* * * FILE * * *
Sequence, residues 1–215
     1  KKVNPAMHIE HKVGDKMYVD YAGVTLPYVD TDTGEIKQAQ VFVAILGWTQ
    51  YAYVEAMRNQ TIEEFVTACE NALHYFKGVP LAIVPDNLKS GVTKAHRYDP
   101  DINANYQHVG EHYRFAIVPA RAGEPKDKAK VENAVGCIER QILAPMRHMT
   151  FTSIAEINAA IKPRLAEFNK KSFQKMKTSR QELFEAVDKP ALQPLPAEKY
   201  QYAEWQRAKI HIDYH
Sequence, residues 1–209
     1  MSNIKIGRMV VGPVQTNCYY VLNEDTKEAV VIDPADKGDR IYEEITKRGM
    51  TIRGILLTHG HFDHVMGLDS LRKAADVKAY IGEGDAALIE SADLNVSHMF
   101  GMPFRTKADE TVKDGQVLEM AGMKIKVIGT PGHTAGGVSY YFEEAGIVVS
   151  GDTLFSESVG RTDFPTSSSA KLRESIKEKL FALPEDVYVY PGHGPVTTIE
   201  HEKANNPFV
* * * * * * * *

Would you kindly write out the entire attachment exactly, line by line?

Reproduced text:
Sequence, residues 1–215
     1  KKVNPAMHIE HKVGDKMYVD YAGVTLPYVD TDTGEIKQAQ VFVAILGWTQ
    51  YAYVEAMRNQ TIEEFVTACE NALHYFKGVP LAIVPDNLKS GVTKAHRYDP
   101  DINANYQHVG EHYRFAIVPA RAGEPKDKAK VENAVGCIER QILAPMRHMT
   151  FTSIAEINAA IKPRLAEFNK KSFQKMKTSR QELFEAVDKP ALQPLPAEKY
   201  QYAEWQRAKI HIDYH
Sequence, residues 1–209
     1  MSNIKIGRMV VGPVQTNCYY VLNEDTKEAV VIDPADKGDR IYEEITKRGM
    51  TIRGILLTHG HFDHVMGLDS LRKAADVKAY IGEGDAALIE SADLNVSHMF
   101  GMPFRTKADE TVKDGQVLEM AGMKIKVIGT PGHTAGGVSY YFEEAGIVVS
   151  GDTLFSESVG RTDFPTSSSA KLRESIKEKL FALPEDVYVY PGHGPVTTIE
   201  HEKANNPFV